After more than 13 years of discussions and refusals to discuss, Spain finally has a new labor reform proposal on the table. Prime Minister José Luis Rodriguez Zapatero announced yesterday that he would propose reducing the cost of unfair dismissals to 33 days (previously 45), only 25 of which would be paid by companies. The proposal is somewhat timid and is certain to meet with union opposition, but it is a step in the right direction and could give confidence to markets.
Currently, the costs of unfair dismissal in Spain are the highest in the developed world. The reduction proposed by the government would extend to all permanent workers the terms of a new contract introduced in 1997 with lower severance pay. The effect of the 1997 reform on permanent job creation was slight: companies continued to grant about 90% temporary contracts, even in the years of fast growth. To have a major impact on job creation, the reform should be accompanied by 1) clearer legal definition of objective dismissal, 2) a reform of the unemployment benefit system, 3) a change in the collective bargaining system and 4) a crackdown on companies who violate the law and abuse workers. To make the market truly functional will require little short of an overhaul of existing institutions.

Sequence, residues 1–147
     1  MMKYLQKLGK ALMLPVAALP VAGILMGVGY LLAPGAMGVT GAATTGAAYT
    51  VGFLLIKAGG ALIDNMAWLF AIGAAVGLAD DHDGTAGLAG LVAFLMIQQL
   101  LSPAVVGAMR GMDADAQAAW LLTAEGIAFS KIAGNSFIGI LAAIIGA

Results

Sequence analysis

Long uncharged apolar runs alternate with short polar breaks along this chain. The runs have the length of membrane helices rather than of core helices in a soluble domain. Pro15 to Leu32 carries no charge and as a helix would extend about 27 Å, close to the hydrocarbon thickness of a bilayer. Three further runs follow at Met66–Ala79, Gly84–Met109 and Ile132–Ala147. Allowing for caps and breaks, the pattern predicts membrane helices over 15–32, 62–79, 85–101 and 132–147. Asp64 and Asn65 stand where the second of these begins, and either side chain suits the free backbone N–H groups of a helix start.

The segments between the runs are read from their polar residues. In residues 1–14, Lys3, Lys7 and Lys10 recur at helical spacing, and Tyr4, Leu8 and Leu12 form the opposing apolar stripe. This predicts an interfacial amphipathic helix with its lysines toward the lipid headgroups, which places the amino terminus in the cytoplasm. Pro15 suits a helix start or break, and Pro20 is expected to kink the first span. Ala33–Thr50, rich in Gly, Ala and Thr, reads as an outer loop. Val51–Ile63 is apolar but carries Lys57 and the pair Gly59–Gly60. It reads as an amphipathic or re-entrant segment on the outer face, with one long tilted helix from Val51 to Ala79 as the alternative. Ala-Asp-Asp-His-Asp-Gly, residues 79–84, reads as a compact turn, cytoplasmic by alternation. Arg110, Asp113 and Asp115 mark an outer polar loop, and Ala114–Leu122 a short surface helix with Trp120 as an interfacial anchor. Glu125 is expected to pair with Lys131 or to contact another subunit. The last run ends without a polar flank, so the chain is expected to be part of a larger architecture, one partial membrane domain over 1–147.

Even if it makes it past union opposition, Zapatero´s new contract will not immediately reduce unemployment. Spain´s economy first needs to show enough growth to begin creating jobs. What the proposal would do is set better foundations for the creation of stable jobs once the economy moves out of the crisis. In addition, it sends a message to markets and consumers that the government is ready to take action to address one of the world´s highest unemployment rates. This effect could be the most important one; and though it will be small, it is welcome.